A seventh problem is that all democracies of the world are relative and weak democracies. They are organized in a way that makes change depend on crisis. The general rule is “no crisis, no change.” The practical result is that democracy is impotent to alter basic institutional arrangements and class structures, except in the cases of extreme crisis.
These problems you have just laid out are problems that every society and country in the world faces today. Is there a more specific situation in the United States?
The United States is an extreme case of this universal problem because no country is more of a cauldron of vitality and ingenuity. The American political religion continues to be the religion of the constructive genius of ordinary men and women associated with the idea that everything is possible. But what has happened in the United States is that Americans have exempted their institutions from the experimentalist impulse that is otherwise so vital in American culture. Thinkers from Jefferson to Dewey, who were in rebellion to this exemption, have failed to persuade their fellow Americans to lift this exemption and subject institutions to democratic experimentation in the service of these higher ideals.
How do the current politics fail to address these issues?
Progressives in the world, and in the United States especially, do not contribute to the objective of social and inclusive economic growth. They do not work for a form of national development based on a sustained broadening of educational and economic opportunities. Instead they accept the present arrangements and seek to humanize them through compensatory redistribution, that is entitlement programs. Thus, the progressives become the humanizers of the supposedly inevitable. They don’t have a program. Their program is the program of their conservative adversaries with a humanizing face. The practical result is that the talents and the energies of the vast majority of ordinary men and women are squandered.
This is not simply a problem about how resources are allocated by the government. It is a problem about the way things are organized. Thus my focus falls on institutional reimagination and institutional reconstruction.
Has not the Democratic Party attempted to address these issues?
The Democratic Party, at least since the time of Lyndon Johnson, has failed to propose to the American people a program that would be responsive to the needs and aspirations of the broad working class of the country—a program of education and economic opportunity, of equipping the vast vitality and dynamism of the American people by innovating in policies and in institutions.
To be clear, the Republican Party and the Republican candidate are much worse than their Democratic equivalents in every respect and in all the dimensions that we have been discussing. However, all the Democratic Party has offered, at least since the presidency of Johnson, is a sugarcoating, a dilution, a humanization of the Republican program. It has allowed conservatives to exercise power in the United States by combining concessions to the material interests of the moneyed classes with concessions to the moral anxieties of the moneyless classes.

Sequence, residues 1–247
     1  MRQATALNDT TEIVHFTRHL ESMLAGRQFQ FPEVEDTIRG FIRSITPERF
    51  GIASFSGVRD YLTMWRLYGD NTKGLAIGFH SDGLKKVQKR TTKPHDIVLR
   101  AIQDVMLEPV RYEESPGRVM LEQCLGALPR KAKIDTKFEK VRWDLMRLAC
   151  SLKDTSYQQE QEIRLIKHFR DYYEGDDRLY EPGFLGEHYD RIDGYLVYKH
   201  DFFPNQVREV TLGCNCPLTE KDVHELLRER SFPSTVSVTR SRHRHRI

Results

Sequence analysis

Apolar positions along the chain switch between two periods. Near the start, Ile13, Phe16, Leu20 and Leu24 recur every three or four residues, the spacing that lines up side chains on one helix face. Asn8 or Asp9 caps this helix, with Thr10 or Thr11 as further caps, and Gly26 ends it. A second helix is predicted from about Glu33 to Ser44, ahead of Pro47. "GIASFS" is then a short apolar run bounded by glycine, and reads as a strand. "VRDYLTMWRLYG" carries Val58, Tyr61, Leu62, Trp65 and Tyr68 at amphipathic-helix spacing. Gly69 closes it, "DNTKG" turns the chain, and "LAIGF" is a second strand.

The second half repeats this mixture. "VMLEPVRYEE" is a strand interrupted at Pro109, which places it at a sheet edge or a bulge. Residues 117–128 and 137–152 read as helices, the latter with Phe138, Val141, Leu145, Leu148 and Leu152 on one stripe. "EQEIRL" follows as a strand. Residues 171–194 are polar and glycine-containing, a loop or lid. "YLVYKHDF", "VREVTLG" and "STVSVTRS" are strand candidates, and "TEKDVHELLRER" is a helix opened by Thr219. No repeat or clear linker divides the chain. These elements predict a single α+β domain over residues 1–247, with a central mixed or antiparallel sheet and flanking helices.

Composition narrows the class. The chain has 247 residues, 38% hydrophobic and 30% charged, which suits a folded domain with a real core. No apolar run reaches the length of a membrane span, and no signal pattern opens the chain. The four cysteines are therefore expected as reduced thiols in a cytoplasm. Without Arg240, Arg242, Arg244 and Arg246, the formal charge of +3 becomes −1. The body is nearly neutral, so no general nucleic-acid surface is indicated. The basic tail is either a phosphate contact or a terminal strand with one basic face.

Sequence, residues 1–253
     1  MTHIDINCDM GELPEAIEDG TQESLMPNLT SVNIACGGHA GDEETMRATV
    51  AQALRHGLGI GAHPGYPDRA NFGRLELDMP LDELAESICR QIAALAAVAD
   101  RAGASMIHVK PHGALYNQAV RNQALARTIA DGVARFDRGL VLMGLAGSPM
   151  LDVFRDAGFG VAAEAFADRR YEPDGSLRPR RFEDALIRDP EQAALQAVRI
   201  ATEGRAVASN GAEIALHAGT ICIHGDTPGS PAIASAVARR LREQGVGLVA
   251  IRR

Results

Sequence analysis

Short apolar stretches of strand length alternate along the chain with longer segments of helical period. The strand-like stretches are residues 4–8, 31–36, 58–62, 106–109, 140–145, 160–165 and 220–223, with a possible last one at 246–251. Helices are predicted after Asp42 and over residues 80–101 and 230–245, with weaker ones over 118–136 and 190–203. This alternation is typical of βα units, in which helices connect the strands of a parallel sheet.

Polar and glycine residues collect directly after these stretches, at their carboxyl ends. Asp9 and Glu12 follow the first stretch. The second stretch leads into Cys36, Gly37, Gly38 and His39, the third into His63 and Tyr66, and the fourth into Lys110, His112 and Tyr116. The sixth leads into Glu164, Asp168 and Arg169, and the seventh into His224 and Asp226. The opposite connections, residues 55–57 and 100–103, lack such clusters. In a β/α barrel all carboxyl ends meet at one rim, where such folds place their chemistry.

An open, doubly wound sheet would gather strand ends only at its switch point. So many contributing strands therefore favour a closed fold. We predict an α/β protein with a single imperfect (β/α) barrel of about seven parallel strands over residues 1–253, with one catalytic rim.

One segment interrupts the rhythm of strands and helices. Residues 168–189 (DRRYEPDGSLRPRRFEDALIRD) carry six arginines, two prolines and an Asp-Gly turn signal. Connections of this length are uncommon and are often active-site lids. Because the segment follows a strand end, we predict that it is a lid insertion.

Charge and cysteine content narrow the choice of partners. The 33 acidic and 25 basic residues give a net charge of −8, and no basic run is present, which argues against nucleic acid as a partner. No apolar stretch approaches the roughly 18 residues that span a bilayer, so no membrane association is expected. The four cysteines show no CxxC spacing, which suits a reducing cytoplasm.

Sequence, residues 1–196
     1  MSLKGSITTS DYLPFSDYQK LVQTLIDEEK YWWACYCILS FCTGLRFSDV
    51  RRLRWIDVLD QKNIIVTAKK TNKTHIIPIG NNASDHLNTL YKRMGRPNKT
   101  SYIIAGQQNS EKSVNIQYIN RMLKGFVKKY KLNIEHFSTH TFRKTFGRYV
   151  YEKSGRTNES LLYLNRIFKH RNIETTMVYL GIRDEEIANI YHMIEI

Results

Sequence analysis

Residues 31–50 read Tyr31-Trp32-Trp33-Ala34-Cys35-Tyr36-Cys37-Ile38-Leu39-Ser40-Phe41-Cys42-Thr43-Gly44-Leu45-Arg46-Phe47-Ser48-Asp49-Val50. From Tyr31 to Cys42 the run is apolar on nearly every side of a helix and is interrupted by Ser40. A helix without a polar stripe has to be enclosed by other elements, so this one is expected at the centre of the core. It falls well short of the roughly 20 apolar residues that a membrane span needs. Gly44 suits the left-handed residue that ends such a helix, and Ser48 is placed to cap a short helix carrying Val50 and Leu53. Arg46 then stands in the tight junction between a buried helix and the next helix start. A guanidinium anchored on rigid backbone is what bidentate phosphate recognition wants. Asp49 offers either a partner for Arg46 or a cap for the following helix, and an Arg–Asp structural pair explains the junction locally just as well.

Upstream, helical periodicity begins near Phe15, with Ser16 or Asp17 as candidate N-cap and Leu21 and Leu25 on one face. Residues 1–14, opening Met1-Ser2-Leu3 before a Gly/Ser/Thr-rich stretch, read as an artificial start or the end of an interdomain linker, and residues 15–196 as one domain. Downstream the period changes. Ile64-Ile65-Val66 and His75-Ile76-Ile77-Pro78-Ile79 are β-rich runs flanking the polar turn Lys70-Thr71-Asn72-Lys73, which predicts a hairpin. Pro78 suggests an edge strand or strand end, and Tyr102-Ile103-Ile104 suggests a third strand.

Here you have outlined a set of dire problems. Similarly, in the “Beyond Obama” video, you issue a devastating critique of the American political system, ending with a call to defeat Obama in November. You offer more than critique, however, and in many places you have articulated at great length a program. In the context of the American political situation today, what should the progressive do?
The most important task is to form a vision of the national future. What matters most in a programmatic statement is to mark a direction and then to define the first steps to move in that direction. The first task of the progressives is to have such a vision.
The second task is to form movements and to ensure that some of these movements engage what has been the chief instrument of progressive politics in the United States, the Democratic Party. The movement should be to form a position within the Democratic Party, to seek power within the Democratic Party, and to change the course of the Democratic Party.
You go quite far in laying out such a vision for the United States in chapter nine of your book The Left Alternative. Can you expand upon this for the current situation in light of the problems we now face?
There are six families of initiatives to address the problems at hand:
1. Production. Propagate through large sectors of the economy and society the advanced practices of production that now flourish in relatively isolated productive vanguards, like Silicon Valley. The vast majority of the American economy is locked out of those advanced practices. It can only have access through the development of a form of coordination between government and firms that is decentralized, pluralistic, participatory, and experimental. State governors are beginning to experiment with such initiatives, not just the Democratic governors but the Republican governors as well.
2. Finance. Enlist finance in the service of the real economy. Finance should serve the real economy rather than being allowed to serve itself. For example, institute tax and regulatory changes that encourage speculative finance that has a direct relation to the enhancement of productivity and the expansion of output. At the same time, discourage speculative finance that does not.
3. Labor and its relation to capital. Increasingly, in the United States and throughout the world, labor is being organized in decentralized networks of contractual relationships. The question is, will this mean general economic insecurity? We need to develop a form of legal protection, organization, and representation for labor performed under these conditions and do so always with a view of the long-term objectives—the twin long-term objectives of the realization of self-employment and cooperation and the construction of a world in which people are not condemned to do the formulaic and repetitious work that can be done by machines but rather the time of our lives is reserved to develop that which we do not yet know how to repeat.
4. Taxation. Understand that what matters in taxation in the short term is the aggregate level of the tax take. The country needs to increase its tax base but do so through a neutral tax that mitigates the effects of high taxation on economic incentives. Use this capital to invest in people.